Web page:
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Lawyer Rusty Hardin, who represents Browns quarterback Deshaun Watson, has said many things in recent days. His comments include a not-so-subtle chiding of the media for failing to pick apart the claims of the 23 (soon to be 24) women who have sued Watson for sexual misconduct during massage therapy sessions.
As noted Brent Schrotenboer of USA Today over the weekend, Hardin has accused the media of not investigating the credibility of the women who have sued Watson due to concerns of being accused of “victim blaming” or getting called “anti-woman.”
Hardin seems to expect reporters to engage in a specific, granular, and rigorous examination of claims asserted and statements made by the many plaintiffs. The reality is that Hardin and his team presumably have been doing just that.
“It is important to note that without exception every woman, in some way or the other, her deposition has been inconsistent with the lawsuit they filed that created all the publicity,” Hardin told Schrotenboer.
It that’s the case, show us. Make the case. Conduct a press conference that juxtaposes allegations from the complaint with specific snippets of testimony that clearly contradict the relevant portions of the official paperwork.
If there are silver bullets, Hardin has direct access to them. He shouldn’t expect the media to go find them. He should show just them to us.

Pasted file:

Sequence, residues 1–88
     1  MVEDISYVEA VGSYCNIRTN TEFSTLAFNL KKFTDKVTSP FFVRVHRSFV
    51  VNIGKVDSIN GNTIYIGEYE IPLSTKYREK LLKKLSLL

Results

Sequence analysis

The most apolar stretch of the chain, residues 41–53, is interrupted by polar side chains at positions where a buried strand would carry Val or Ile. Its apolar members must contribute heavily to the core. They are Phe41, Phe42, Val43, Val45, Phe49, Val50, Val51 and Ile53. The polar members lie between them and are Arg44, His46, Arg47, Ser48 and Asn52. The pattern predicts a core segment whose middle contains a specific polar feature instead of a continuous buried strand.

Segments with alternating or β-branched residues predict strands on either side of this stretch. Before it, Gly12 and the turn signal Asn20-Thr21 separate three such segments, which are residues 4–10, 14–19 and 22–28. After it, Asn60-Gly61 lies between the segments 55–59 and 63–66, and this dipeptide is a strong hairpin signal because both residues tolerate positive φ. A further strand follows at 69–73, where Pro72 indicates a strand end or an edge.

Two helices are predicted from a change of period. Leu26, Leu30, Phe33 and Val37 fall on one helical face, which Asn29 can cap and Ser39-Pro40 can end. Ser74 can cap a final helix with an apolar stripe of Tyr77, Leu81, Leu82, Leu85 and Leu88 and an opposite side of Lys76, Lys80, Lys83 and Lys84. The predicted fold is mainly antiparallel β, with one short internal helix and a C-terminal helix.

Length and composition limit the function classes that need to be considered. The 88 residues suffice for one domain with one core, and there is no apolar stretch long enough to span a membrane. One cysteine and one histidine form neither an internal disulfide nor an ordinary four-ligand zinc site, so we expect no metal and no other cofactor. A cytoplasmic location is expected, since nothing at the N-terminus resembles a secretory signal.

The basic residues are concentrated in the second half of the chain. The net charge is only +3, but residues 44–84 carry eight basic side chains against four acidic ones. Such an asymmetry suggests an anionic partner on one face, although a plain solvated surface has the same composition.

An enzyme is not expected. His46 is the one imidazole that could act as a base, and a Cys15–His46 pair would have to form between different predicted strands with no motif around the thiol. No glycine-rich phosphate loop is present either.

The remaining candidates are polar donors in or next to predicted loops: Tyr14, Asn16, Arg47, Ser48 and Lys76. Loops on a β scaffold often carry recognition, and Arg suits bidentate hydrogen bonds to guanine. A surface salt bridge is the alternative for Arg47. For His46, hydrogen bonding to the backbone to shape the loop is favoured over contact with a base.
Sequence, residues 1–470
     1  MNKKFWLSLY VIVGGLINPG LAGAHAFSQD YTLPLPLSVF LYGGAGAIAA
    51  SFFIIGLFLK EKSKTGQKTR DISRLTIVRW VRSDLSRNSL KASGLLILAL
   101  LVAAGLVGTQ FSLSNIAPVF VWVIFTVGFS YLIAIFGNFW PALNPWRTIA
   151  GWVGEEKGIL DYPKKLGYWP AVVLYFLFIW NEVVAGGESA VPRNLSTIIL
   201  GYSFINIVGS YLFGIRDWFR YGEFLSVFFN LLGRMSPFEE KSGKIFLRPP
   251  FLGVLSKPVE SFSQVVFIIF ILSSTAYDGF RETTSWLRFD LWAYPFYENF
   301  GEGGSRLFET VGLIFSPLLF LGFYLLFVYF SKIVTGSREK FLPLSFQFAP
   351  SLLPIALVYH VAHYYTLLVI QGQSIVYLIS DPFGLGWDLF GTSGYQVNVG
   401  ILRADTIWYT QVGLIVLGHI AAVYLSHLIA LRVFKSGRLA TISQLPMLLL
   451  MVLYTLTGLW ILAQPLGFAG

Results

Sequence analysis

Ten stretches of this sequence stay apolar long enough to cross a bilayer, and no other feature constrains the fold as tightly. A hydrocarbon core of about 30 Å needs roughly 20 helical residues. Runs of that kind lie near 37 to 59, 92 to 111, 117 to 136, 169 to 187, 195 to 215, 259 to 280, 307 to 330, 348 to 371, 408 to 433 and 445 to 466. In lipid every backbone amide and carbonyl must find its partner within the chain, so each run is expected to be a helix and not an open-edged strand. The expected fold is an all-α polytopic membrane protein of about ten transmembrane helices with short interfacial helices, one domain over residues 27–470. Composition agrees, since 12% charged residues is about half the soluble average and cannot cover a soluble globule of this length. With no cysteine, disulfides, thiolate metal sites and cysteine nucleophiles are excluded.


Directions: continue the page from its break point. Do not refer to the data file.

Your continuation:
It’s simple. Allegation, followed by testimony that contradicts it. One after another after another. Just like he’ll eventually do to the juries that resolve these various civil cases.
Possibly, that’s what they’ll be doing.
“Where we’re going from now on, we’re going to try to answer yours and other people’s questions in the words of the women,” Hardin told Schrotenboer.
However Hardin chooses to do it, if he wants to get reporters to point out the existence of clear and obvious flaws in one or more of the cases pending against Watson, Hardin has to show them to us. He has to convince us of them.
First and foremost, those clear and obvious flaws need to clearly and obviously exist. If they do, Hardin should be talking about that, instead of undermining his client’s case by flippantly arguing that it’s not a crime to experience or to attempt to finagle a “happy ending” at the conclusion of a massage.